2021, HQ, Harper Collins Publishers
Esther Safran Foer recounts the search for her family's Ukrainian past in this Holocaust memoir. Her son, Jonathan Foer, wrote Everything Is Illuminated (2002), a fictionalised account of the same story which became a best -seller and was made into a movie.
Safran Foer was born in a refugee camp in Ukraine where her parents lived after their families and villages in Ukraine were decimated during WWII. They immigrated to the United States to start a new life.
Secrecy reigned in their family, and it was only after the death of her father that Foer finally learned of his first wife and daughter who were murdered in the ghetto while he was out on work duty.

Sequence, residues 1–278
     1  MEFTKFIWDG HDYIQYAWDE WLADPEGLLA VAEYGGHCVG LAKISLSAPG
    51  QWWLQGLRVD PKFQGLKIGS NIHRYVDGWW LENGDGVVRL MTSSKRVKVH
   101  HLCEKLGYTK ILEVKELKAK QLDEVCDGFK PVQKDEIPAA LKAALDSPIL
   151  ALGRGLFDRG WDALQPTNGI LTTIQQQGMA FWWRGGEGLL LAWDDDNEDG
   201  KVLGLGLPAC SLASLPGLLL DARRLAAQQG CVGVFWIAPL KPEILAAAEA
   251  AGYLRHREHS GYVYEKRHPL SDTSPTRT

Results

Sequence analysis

Determined to find the name of her half-sister, and to learn what had happened to her family, Foer sets out on a journey to find Trochenbrod, the Jewish village where they lived before the Nazis destroyed it and murdered almost all the 5,000 inhabitants.
Ukraine isn't always associated with the Holocaust, maybe because most of its victims didn't die in concentration camps like Auschwitz. But an estimated 1.5 million people, a quarter of the total number of Holocaust victims, died in Ukraine, where the killing was largely by shooting to death at close range in fields, forests and ravines (1).
Esther Safran Foer's work is impressive for the scope and intensity of her determination to discover and understand her family's past, and for her belief in the importance of declaring, in the face of brutal attempted genocide, "We're still here."
The Lost Town (documentary about one man's search for Trochenbrod, trailer)
Beyond Trochenbrod by Betty Gold